Retirement or Resignation From the Practice of Law

Rule VI, Section 7 of the Supreme Court Rules for the Government of the Bar of Ohio governs retirement and resignation from the practice of law. The retirement or resignation from practice of law is final and irrevocable once accepted by the Supreme Court of Ohio. An attorney should seek to retire or resign from the practice of law only if the attorney wishes to surrender permanently the ability to practice law in this state. An attorney who wishes to stop practicing law in this state, with the option to resume his or her Ohio practice at a later date, should consider registering for inactive status pursuant to Gov. Bar R. VI, Section 2.

Application to Retire or Resign from the Practice of Law

To retire or resign from the practice of law, an attorney must file an application with the Supreme Court Office of Attorney Services. The application consists of two parts: an affidavit that conforms with the Gov. Bar R. VI, Section 7(A)(1); and a written waiver that authorizes Disciplinary Counsel to disclose to the Supreme Court otherwise confidential information about any disciplinary grievances pending against the attorney.

Review of Application

After a completed application for retirement or resignation is filed, the Office of Attorney Services will forward the application to the Office of Disciplinary Counsel. Disciplinary Counsel will conduct an inquiry to determine if any disciplinary proceedings are pending against the attorney. After completing this inquiry, Disciplinary Counsel will file a confidential report under seal with the Office of Attorney Services. The report will provide information regarding pending disciplinary proceedings, if any, and recommend whether the application to retire or resign should be accepted, denied, or delayed. If Disciplinary Counsel recommends that the application be accepted, the report will indicate whether the attorney should be designated as “retired” or “resigned, with disciplinary action pending.” If Disciplinary Counsel recommends that the resignation be denied or delayed, the report will provide reasons for the recommendation.

Action on the Application

Upon receipt of the report from Disciplinary Counsel, the Office of Attorney Services will take one of two actions. If the report from Disciplinary Counsel recommends acceptance of the application and designation of the attorney as “retired,” the Office will accept the application and designate the attorney as “retired” in the attorney registration records. If the report from Disciplinary Counsel recommends acceptance of the application with a designation of “resigned, with disciplinary action pending” or recommends that the application be denied or delayed, the Office will file the application and confidential report from Disciplinary Counsel with the Clerk of the Supreme Court. The Supreme Court will review the application and confidential report of Disciplinary Counsel before entering an appropriate order.

If the Supreme Court accepts an application as a resignation from the practice of law, the Court will order that the attorney's registration record be marked as “resigned, with disciplinary action pending.” The designation “resigned, with disciplinary action pending” alerts the public that, but for the resignation, the attorney could have been subject to disciplinary sanctions. The Court also may order the attorney to be designated as “retired,” deny the application altogether, or defer consideration of the application to a later date.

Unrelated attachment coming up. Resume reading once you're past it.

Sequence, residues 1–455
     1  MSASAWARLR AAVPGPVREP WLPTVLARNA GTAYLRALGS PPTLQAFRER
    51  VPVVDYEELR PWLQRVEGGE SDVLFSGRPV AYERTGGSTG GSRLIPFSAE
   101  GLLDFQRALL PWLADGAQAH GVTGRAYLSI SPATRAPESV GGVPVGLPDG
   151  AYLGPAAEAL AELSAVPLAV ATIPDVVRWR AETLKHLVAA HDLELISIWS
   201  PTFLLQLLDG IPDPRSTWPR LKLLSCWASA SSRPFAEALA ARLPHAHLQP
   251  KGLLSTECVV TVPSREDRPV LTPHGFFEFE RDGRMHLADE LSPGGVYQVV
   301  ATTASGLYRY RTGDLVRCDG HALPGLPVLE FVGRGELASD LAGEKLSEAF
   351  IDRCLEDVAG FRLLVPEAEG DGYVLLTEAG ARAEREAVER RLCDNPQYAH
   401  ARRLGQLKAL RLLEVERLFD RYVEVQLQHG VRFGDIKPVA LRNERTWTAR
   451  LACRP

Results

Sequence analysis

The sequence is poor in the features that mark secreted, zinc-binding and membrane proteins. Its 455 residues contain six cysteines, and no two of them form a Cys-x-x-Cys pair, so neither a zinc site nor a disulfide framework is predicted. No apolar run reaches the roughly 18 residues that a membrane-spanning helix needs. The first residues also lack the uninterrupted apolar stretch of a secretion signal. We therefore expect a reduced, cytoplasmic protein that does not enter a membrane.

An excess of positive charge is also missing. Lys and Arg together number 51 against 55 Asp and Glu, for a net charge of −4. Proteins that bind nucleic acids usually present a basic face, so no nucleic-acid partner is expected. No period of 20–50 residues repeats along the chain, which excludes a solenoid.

Inactive Registration Status - An Alternative to Retirement or Resignation

As noted above, the retirement or resignation from the practice of law is final and irrevocable once accepted by the Supreme Court. An attorney may wish to stop practicing law without surrendering his or her law license, thus preserving the ability to resume the practice of law at a later date. In this circumstance, an attorney may wish to consider changing his or her registration status to “inactive,” under Gov. Bar R. VI, Section 2. Unlike retirement or resignation, registering for inactive status is revocable. An attorney may qualify for inactive registration status if the attorney is no longer practicing law in Ohio and satisfies the criteria of Gov. Bar R. VI, Section 2. An attorney may register for inactive status by filing an updated certificate of registration. The attorney may later resume the practice of law by filing a new certificate of registration for active registration status and paying the applicable registration fee. An attorney who changes his or her registration from inactive to active also will have specific continuing legal education requirements pursuant to Gov. Bar R. X.

Attorneys Who Registered for Retired Status Prior to Sept. 1, 2007

Attorneys who registered for “retired” registration status prior to Sept. 1, 2007 under former Gov. Bar R. VI, Sec. 4 may change their registration status to either active or inactive. However, they will not be permitted to return to retired registration status but instead, will be required to follow the procedures set forth in Gov. Bar R. VI, Sec. 7, to retire from the practice of law. Additional action does not need to be taken by attorneys who were registered as retired prior to Sept. 1, 2007 and desire for their registration status to remain unchanged.

Changes in registration status may be made by filing a certificate of registration with the Office of Attorney Services.

Questions regarding registration statuses or the process of retiring or resigning from practice of law may be directed to the Office of Attorney Services by telephone at 614.387.9320 or by e-mail addressed to attyreg@sc.ohio.gov.

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